Over the years I have worked as a librarian, clerical worker, call centre operator. Also for over thirty years I taught five to eight year olds at primary school level. I have been single for some years now, and have no children. However I am involved with children in my extended family, and still have an active life even though I am no longer in paid employment.

My time of paid employment ended some years ago. With national unemployment soaring, I went overseas for eighteen months to earn a living until I reached the age of eligibility for our retirement benefit. I had hoped to work part time for some years while on the retirement pension but local unemployment was still high. I have pulled in my belt, adjusted my life style, traveling round town by bus and on foot, and settled down to live on my reduced income.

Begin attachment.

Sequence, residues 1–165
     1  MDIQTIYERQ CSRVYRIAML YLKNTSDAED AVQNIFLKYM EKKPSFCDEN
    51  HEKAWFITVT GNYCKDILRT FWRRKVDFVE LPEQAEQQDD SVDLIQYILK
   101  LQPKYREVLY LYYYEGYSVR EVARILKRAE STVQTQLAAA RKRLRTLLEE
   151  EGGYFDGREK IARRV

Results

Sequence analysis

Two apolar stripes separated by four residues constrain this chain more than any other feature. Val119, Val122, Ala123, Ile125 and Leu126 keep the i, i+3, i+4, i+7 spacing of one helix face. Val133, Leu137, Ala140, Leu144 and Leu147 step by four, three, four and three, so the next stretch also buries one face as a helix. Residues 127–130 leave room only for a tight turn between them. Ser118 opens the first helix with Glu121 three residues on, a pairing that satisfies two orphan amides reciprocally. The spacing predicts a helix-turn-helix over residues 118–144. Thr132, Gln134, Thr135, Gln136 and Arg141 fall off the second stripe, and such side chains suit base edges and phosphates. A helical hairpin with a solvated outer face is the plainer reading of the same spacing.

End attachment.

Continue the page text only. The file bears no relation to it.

Guest Artist Glenys Doull Interview

When and how did you become a poet?

After I went on to our retirement pension I was trying to decide what I would do to fill my days with more stimulation once I realized I would not be able to get part time paid employment. I met a former co worker on the street one day, who said that while she was still working she had nonetheless enrolled for polytechnic courses just for the interest after working days at a fairly monotonous job.